Daily Dispatches
An Amazon Prime Air in testing
Associated Press/Amazon
An Amazon Prime Air in testing

Drone deliveries coming to a city near you?


As Americans buy Christmas gifts on Cyber Monday, Amazon.com, one of the top online retailers, is promoting its latest project to improve package delivery time: Autonomous drones. On an episode of 60 Minutes that aired Sunday evening, Amazon.com founder Jeff Bezos announced his company is testing “octocopters,” drones with eight rotors that could soon deliver Amazon products weighing 5 pounds or less.

“I know this looks like science fiction. It's not,” Bezos told host Charlie Rose while showing a video of a drone picking up an orange Amazon delivery box and dropping it off on a home patio.

Amazon shoppers won't get drone delivery this Christmas. The drone squad, named Amazon Prime Air, is still in research phase and probably won't be ready for customers for another four or five years. The project is part of Amazon's relentless effort to sell the most products for the cheapest price and the fastest delivery time. Fulfilling those goals has meant Amazon often has little profit to show investors. Yet the company has remained innovative and popular. It boasts 96 gargantuan “fulfillment centers” that warehouse books, DVDs, toys, electronics, and other items sold from its website.

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Once in service, the drones would launch from fulfillment centers and likely deliver within a radius of 10 miles, which could cover a large population in an urban area. Expected delivery time? Thirty minutes or less.

“It won’t work for everything,” Bezos said. “You know, we’re not going to deliver kayaks or table saws this way. These are electric motors, so this is all electric. It’s very green—it's better than driving trucks around.”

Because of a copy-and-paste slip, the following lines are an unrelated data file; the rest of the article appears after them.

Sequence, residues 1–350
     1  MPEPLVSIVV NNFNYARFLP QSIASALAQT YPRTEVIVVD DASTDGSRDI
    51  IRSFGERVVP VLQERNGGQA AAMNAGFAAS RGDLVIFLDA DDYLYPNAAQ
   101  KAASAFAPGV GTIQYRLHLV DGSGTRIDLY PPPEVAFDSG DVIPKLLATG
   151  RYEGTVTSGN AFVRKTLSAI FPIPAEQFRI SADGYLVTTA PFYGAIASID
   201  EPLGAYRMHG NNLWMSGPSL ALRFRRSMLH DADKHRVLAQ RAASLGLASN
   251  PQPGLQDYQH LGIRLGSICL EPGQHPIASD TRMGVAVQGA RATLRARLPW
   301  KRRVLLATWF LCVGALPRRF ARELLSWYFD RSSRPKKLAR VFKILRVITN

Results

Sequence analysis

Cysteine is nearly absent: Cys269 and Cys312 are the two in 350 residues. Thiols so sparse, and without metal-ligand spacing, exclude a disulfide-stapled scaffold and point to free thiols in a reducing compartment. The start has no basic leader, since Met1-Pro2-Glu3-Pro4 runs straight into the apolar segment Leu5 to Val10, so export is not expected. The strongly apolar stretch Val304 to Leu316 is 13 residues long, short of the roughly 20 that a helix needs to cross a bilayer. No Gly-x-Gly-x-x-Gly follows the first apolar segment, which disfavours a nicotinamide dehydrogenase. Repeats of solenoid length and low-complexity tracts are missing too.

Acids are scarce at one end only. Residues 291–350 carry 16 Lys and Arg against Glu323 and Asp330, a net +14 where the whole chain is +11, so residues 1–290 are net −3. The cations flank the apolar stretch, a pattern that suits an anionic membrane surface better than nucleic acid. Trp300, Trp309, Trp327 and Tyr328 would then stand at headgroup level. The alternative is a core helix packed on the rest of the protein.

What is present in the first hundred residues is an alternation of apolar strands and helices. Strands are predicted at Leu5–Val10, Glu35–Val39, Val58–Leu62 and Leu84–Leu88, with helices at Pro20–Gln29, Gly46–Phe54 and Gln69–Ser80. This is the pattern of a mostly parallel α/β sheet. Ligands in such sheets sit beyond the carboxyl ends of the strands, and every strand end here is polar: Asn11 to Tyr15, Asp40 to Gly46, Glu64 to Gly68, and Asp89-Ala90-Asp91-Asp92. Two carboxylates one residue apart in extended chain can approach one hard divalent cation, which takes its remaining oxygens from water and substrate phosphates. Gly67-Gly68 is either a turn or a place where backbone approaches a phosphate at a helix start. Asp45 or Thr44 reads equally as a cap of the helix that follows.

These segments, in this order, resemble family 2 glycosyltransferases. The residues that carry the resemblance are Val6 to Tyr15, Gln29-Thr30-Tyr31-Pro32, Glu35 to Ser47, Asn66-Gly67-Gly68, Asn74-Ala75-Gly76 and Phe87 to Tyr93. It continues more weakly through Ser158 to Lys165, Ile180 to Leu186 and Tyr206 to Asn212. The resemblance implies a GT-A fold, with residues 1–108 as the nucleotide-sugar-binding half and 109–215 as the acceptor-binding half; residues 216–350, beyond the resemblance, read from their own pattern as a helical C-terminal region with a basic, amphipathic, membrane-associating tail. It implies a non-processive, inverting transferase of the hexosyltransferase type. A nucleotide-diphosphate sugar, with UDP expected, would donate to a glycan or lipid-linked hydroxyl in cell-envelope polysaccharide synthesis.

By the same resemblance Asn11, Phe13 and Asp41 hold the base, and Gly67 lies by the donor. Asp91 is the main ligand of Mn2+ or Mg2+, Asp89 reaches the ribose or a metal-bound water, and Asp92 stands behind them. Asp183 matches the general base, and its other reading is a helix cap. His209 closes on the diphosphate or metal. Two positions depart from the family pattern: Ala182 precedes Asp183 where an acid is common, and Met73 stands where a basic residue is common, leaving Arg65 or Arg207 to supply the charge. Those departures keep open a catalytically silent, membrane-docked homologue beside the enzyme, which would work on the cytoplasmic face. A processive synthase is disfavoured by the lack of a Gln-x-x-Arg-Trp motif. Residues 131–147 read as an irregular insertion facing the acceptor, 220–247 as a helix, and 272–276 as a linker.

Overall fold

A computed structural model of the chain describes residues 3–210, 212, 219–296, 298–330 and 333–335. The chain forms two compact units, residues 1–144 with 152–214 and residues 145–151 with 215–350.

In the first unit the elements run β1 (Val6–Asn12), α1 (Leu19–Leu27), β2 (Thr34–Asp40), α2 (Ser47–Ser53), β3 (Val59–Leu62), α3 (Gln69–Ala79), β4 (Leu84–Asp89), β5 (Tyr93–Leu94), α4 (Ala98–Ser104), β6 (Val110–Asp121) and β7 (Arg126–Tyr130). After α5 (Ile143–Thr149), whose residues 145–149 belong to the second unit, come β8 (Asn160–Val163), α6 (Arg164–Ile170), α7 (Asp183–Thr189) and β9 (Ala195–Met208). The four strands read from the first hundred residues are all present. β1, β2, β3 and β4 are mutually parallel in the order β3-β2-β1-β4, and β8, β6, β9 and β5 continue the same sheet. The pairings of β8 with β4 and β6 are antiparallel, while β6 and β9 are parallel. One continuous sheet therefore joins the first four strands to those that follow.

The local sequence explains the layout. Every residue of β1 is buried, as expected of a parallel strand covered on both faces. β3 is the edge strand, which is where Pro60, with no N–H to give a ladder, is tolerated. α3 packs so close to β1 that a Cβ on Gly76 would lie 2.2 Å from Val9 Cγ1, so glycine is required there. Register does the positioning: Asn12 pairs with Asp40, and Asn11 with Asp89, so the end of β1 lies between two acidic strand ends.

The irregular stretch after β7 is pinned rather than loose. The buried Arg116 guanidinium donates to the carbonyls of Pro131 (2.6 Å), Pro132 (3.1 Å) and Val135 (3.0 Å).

Currently, businesses like Amazon are still waiting for the U.S. Federal Aviation Administration to issue regulations, expected by 2015, that would allow them to fly drones for commercial purposes. The agency is in the process of choosing testing sites where drone manufacturers can show off the flight and safety capabilities of their machines to federal officials.

Bezos said Amazon needed to do more tests to ensure the drones were trustworthy: “The hard part here is putting in all the redundancy, all the reliability, all the systems you need to say, ‘Look, this thing can’t land on somebody’s head while they’re walking around their neighborhood’”

The 60 Minutes episode noted that Amazon has 225 million customers around the world. On Cyber Monday, the company was expected to sell over 300 items per second. Around noon Eastern time, the top-selling item in Amazon's electronics category was the company's HD Kindle Fire 7-inch tablet. In the books category it was Humans of New York, featuring the portrait photography of Brandon Stanton. In the games category the bestseller was a controversial party game called Cards Against Humanity.

Daniel James Devine
Daniel James Devine

Daniel is managing editor of WORLD Magazine and lives in Indiana. Follow Daniel on Twitter @DanJamDevine.


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